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The MANY WAYS OF BEING. Paperback – 1976


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Product details

  • Paperback: 286 pages
  • Publisher: Abacus; 1st Abacus Edition edition (1976)
  • Language: English
  • ISBN-10: 0349100713
  • ISBN-13: 978-0349100715
  • Product Dimensions: 19.4 x 13 x 1.8 cm
  • Average Customer Review: 5.0 out of 5 stars  See all reviews (1 customer review)
  • Amazon Bestsellers Rank: 640,152 in Books (See Top 100 in Books)

Product Description

Theology.

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1 of 1 people found the following review helpful By DV Barrett on 27 Jun 2010
Format: Paperback
This is one of the earliest popular books on new religious movements, and although of course it's now vastly out of date (it was published in 1976, and I don't think it was ever updated) it's still one of the best. Annett covers some of the well-established forms of alternative spirituality, including the Quakers, the Mormons and Christian Science, and he has a full chapter on Eastern movements (the Hare Krishna movements, the Divine Light Mission (now Elan Vital), Rajneesh (now Osho) and many more). But the subtitle of the book is "A Guide to Spiritual Groups and Growth Centres in Britain", and its main focus is on esoteric, New Age and personal development movements -- and here the breadth of his coverage, along with his non-judgemental approach, make this book a joy to read.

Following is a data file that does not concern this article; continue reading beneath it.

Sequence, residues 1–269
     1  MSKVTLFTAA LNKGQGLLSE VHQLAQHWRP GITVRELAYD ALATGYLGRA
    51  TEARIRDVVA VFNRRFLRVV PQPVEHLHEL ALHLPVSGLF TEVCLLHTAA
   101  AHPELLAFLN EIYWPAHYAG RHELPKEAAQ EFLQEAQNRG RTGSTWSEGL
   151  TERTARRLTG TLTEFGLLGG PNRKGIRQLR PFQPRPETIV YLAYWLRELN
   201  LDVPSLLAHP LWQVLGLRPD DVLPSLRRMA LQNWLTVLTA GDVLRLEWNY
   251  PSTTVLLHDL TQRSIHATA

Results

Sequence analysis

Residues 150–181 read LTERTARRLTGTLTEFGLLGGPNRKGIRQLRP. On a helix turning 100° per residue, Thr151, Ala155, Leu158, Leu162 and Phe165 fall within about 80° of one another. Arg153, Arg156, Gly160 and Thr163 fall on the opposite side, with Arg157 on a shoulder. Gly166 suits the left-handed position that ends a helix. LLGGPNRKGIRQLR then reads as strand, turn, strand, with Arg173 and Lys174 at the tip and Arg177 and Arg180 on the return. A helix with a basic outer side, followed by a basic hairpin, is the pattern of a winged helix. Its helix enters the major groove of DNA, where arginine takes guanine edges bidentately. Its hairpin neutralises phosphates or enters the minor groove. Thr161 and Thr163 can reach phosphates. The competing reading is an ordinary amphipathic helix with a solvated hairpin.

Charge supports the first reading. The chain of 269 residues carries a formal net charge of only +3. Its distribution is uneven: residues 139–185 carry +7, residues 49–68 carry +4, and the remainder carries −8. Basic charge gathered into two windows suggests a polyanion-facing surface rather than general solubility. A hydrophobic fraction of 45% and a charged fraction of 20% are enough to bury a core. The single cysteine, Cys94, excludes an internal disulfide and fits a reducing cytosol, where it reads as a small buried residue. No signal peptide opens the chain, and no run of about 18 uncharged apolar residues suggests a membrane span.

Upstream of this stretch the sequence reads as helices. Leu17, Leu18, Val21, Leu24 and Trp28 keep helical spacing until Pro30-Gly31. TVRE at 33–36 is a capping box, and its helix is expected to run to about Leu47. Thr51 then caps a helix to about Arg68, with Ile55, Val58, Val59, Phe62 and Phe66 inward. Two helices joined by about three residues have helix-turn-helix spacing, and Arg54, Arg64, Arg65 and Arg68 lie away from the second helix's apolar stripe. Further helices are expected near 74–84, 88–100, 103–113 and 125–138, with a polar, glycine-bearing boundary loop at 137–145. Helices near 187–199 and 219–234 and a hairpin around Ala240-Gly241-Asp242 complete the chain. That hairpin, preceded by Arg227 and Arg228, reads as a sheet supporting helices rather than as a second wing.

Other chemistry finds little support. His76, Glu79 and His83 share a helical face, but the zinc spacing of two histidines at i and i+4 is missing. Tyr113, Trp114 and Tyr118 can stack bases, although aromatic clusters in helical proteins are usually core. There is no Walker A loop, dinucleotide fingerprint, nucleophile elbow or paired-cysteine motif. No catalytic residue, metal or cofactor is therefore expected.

In his Introduction he writes that his book has two purposes: "to give a broad picture of the extraordinary ferment that makes up the non-establishment spiritual state of Britain; and to help people to make contact with groups that they might find sympathetic." There are 30 pages of addresses at the end of the book, though of course many of them are no longer valid. He goes on:

"I would not be so foolish as to suggest that I have been entirely objective in compiling 'The Many Ways of Being', but I have at least been as fair to all the groups as I am able. I have tried to restrict myself to facts without being colourless, and I apologise in advance to anyone who feels that my prejudices and feelings have succeeded in creeping into the text in any particular cases."

It's that sort of open and honest attitude that makes this book so worthwhile and still so readable.
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